Keynes’ thoughts on uncertainty stretch back to his early work on probability, specifically his 1921 book Treatise on Probability which is available at the Gutenberg Archive. In that work Keynes laid out a view of probability and uncertainty that, I think, went far beyond what Knight is talking about in his book. Syll agrees with me in this respect and he hits the nail on the head when he writes:
Knight’s uncertainty concept has an epistemological founding and Keynes’s definitely an ontological founding. Of course this also has repercussions on the issue of ergodicity in a strict methodological and mathematical-statistical sense. I think Keynes’s view is the most warranted of the two.
The most interesting and far-reaching difference between the epistemological and the ontological view is that if one subscribes to the former, Knightian view – as Taleb, Haldane & Nelson and “black swan” theorists basically do – you open up for the mistaken belief that with better information and greater computer-power we somehow should always be able to calculate probabilities and describe the world as an ergodic universe. As Keynes convincingly argued, that is ontologically just not possible.
This seems to me a very good distinction between the two world views. The Knightian universe is one in which the possibility for knowledge of truly uncertain entities potentially exists, while the Keynesian universe is one in which the possibility for knowledge of truly uncertain entities is a priori ruled out. The Knightian perspective implicitly postulates that somewhere out there is a place or an entity that contains such knowledge (one might point out that this is somewhat similar to a concept of an omnipotent God) while the Keynesian perspective postulates that this place or entity either does not exist or is ontologically inaccessible to us mortals. For Keynes and the Post-Keynesians we are, in this sense, born blind.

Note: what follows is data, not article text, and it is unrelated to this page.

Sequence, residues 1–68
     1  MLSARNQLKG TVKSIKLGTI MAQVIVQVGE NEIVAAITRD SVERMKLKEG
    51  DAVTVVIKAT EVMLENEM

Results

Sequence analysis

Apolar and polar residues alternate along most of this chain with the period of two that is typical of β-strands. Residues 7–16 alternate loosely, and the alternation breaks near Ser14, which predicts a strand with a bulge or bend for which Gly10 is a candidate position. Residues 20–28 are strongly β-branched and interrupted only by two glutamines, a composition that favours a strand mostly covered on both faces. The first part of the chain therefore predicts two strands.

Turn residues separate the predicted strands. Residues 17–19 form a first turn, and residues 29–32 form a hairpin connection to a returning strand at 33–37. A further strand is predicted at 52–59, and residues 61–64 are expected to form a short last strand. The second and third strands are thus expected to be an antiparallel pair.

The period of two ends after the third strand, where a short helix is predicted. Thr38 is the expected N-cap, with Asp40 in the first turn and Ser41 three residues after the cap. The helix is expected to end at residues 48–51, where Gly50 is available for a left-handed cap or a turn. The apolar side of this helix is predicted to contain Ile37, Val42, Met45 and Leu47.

The implications of this for economic theory are nothing short of enormous. In Keynesian economics, for example, investment decisions are made in the face of true uncertainty. Investors work in the dark, as it were, and investment decisions are ultimately the result of what Keynes called “animal spirits”. In Chapter 12 of The General Theory of Employment, Money and Interest — available at Marxists.org — Keynes lays out his theory of animal spirits: